augur

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augur:

see omenomen,
sign or augury believed to foreshadow the future. Almost any occurrence can be interpreted as an omen. The typical omen was a natural phenomenon, such as a meteor, an eclipse, or the flight of birds.
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augur

(in ancient Rome) a religious official who observed and interpreted omens and signs to help guide the making of public decisions
References in periodicals archive ?
People throughout all history Have lived in ashen cities or died in them Marcel Duchamp was joking Wasn't he, as always when he said Dust-covered glass Might offer auguries Of our predicament O mirror, mirror How have my people been distracted so They don't care any longer who they are?
But the auguries are not great for global brands in the US.
The other odes in the Poems on the Underground series include exerpts from William Blake's Auguries of Innocence and Lord Alfred Tennyson's In Memoriam.
The auguries after the first were not good following the most pedestrian account of the Barber of Seville Overture you could imagine.
auguries of steel blinded by their own reflections and circled
So far from exploring this idea, or the alternative possibility of a belief in a non-Christian godhead, Galvin quickly attempts (apparently by way of compliment) to put a more scientific slant on the reading of omens, by saying that "even the taking of auguries is less superstitious than one would imagine.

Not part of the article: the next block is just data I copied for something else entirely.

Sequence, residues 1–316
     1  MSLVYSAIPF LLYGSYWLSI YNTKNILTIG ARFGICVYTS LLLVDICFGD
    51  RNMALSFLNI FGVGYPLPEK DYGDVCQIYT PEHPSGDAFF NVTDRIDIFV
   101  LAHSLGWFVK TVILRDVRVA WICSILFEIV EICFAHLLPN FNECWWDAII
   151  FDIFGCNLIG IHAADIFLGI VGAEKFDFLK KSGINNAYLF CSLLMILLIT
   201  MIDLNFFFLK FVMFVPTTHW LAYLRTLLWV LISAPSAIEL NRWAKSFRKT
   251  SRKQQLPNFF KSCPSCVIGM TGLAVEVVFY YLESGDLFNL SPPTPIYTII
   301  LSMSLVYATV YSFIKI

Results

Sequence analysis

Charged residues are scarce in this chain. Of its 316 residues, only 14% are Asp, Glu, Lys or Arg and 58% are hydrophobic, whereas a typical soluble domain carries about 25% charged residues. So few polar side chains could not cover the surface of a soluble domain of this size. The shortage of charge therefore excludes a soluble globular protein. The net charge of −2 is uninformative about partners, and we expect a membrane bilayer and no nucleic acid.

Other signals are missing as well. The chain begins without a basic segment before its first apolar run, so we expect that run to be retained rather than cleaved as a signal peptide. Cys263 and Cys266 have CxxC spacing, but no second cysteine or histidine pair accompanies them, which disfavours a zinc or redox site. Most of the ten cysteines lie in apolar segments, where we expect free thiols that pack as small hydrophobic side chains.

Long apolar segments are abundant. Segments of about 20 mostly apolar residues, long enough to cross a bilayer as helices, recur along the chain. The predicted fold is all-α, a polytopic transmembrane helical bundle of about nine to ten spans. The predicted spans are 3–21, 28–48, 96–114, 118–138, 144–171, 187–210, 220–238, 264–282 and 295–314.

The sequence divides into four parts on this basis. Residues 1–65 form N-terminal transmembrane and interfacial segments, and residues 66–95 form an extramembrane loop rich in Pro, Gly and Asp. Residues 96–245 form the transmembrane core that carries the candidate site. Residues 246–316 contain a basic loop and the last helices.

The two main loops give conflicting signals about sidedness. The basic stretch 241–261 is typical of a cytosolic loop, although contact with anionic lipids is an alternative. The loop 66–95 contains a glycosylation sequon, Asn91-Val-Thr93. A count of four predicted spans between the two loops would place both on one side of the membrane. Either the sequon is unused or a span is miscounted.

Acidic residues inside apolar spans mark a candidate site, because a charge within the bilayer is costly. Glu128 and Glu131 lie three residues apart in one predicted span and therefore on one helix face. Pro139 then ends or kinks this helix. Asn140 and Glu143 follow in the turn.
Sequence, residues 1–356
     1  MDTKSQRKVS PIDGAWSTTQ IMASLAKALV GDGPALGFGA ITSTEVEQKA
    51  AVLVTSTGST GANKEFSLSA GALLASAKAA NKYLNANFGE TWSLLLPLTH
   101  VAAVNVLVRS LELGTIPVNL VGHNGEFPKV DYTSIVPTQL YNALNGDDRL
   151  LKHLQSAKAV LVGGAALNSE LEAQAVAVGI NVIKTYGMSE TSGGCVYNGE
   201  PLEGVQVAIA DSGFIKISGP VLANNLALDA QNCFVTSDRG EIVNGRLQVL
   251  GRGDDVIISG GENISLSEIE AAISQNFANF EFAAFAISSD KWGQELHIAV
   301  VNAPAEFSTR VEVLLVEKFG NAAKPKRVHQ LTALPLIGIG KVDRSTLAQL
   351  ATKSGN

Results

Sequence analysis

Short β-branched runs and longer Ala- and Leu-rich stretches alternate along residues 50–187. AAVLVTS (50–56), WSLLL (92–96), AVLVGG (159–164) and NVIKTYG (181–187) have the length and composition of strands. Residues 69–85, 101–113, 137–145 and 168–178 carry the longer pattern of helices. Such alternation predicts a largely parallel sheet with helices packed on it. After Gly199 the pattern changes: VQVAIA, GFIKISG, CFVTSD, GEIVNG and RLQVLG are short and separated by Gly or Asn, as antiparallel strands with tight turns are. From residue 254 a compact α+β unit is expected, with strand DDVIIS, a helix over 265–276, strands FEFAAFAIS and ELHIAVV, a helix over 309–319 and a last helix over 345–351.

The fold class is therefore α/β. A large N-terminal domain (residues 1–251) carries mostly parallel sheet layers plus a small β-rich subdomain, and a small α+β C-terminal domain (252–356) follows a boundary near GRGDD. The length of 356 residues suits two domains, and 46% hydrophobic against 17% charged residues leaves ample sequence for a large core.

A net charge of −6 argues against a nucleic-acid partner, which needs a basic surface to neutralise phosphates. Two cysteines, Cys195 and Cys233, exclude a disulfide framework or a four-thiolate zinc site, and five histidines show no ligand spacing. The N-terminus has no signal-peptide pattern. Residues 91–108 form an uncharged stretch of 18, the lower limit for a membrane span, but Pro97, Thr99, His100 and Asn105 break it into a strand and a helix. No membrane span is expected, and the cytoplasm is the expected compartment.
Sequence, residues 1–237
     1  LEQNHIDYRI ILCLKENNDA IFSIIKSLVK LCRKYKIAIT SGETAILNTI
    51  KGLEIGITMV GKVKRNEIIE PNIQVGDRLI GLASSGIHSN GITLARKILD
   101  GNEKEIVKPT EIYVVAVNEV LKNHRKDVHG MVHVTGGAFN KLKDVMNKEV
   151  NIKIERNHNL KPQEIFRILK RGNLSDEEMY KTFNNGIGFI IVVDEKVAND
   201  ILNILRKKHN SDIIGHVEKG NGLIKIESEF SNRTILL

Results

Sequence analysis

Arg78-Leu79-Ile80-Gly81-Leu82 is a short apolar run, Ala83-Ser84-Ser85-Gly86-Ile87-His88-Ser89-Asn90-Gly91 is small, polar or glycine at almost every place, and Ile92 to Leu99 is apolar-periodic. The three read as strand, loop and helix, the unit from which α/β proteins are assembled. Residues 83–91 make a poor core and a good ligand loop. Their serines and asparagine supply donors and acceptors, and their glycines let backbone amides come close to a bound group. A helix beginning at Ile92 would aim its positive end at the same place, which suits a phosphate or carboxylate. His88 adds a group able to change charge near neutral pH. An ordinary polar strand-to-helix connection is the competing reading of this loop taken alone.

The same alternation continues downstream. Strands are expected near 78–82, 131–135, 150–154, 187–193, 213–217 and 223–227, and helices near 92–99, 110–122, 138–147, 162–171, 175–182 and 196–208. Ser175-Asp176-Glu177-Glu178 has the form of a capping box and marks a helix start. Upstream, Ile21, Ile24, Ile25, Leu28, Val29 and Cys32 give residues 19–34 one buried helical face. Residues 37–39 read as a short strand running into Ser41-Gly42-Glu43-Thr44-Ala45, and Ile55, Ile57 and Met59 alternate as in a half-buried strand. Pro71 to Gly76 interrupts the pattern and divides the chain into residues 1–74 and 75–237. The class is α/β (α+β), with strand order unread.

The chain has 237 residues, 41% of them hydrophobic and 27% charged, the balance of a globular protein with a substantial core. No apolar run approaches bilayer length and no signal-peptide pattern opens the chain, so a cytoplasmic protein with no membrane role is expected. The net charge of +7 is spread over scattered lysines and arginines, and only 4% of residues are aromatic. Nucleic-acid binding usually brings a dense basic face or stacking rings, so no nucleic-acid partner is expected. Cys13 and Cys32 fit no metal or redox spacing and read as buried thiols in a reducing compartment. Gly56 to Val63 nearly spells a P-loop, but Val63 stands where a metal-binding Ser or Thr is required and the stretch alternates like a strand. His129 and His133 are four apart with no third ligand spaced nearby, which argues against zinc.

Although inhabitants young and old take to confiding their dreams, omens, and auguries to one another, hoping for solace via communal suffering, their pain remains unassuaged.
As to the effectiveness of the newly empowered regions, the auguries are not so good.
Alternatively, you could announce that you are a clairvoyant and can "read the auguries by the swing of the phlegmic pendulum .
Mr Honan takes it for granted that 'The mortal moon hath her eclipse endured' (Sonnet 107) dates itself to 1603, the death of Queen Elizabeth I and the auguries for the reign of James I.
At the outset, Fass delineated the sharply polarized contemporary responses of "traditionalists," who saw the increasing secularism, hedonism, and faddish materialism of the young as evidence of moral collapse, and "progressives," who tended to welcome the youthful revolts against traditional religion and Victorian prudery as auguries of a new and better age.